When we were picking the squad in December, we were looking for a balanced attack with spin and pace options. Our difficulty was that we didn't have quality spinners. We had [Kirstan] Kallicharran for variety with his legspin. We had three guys who all bowled offspin. As the tournament developed, we were fortunate that we got some wickets that encouraged good fast bowling. We found that the opposition was very comfortable playing spin, and therefore it was a challenge for those teams, and the three sides we played in the knockout stages were all Asian sides.
Regarding the mankading incident against Zimbabwe, did the team discuss it with you before it took place, or was it spontaneous?
I had never been involved in such an incident, as a player or coach. It was not discussed or planned prior to the game. It was down to the situation itself. There was some observation in the penultimate over that the batsman was looking to get a head start. The bowler, Keemo Paul, was aware about it going into the last over. Hence, he hadn't entered his delivery stride at all when he brought the stumps down. It was very much in the spur of the moment. Therefore, my initial reaction was a little bit of shock, in terms of not being prepared for something like that, given the nature of the situation as well. We fought back in the game magnificently, got them nine down, and we were in a position to win the game. But with six balls to go and three runs to win in what was the game of the tournament, it will probably be remembered only for that one moment.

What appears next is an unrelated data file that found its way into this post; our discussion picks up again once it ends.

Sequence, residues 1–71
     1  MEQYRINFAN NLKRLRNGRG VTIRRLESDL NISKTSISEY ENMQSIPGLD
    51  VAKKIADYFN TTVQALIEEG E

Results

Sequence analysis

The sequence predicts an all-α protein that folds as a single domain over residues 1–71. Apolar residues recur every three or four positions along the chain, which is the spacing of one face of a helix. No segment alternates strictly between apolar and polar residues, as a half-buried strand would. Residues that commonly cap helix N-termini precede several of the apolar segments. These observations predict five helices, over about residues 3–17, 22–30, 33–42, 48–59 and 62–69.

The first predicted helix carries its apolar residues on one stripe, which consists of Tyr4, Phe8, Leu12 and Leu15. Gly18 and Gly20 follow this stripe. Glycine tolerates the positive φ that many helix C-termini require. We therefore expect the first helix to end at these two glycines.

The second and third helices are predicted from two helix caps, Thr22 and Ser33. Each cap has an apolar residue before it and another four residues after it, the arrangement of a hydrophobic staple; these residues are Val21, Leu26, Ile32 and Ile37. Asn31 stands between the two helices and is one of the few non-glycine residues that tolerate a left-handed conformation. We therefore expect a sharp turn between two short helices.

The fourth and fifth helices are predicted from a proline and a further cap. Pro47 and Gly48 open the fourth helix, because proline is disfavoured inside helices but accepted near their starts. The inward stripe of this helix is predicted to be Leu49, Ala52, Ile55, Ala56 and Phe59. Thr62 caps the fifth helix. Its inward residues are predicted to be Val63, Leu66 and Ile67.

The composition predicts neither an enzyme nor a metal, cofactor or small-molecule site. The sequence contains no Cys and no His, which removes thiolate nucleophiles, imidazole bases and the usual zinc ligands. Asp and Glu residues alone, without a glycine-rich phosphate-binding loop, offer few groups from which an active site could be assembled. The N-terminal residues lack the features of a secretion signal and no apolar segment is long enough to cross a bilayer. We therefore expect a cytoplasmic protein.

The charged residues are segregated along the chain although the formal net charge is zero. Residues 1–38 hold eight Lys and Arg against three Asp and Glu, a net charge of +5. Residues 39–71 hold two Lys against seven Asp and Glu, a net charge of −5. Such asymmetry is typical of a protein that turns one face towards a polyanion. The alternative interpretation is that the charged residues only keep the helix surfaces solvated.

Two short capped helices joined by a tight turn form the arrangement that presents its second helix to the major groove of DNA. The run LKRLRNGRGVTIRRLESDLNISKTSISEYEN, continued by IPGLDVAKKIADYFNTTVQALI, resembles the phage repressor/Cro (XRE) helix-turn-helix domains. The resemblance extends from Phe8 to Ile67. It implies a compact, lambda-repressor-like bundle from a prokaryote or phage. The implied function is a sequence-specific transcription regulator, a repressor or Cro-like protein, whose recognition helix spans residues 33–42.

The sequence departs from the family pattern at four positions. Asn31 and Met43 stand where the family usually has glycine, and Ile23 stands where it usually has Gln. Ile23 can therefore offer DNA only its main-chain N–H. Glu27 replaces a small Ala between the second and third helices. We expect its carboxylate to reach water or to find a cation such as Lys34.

Was there any pressure on captain Shimron Hetmyer to withdraw the appeal?
The referral to the third umpire came after the umpire had asked Hetmyer if he would like to proceed with the appeal. He said yes straightaway, and the team was 100% behind that.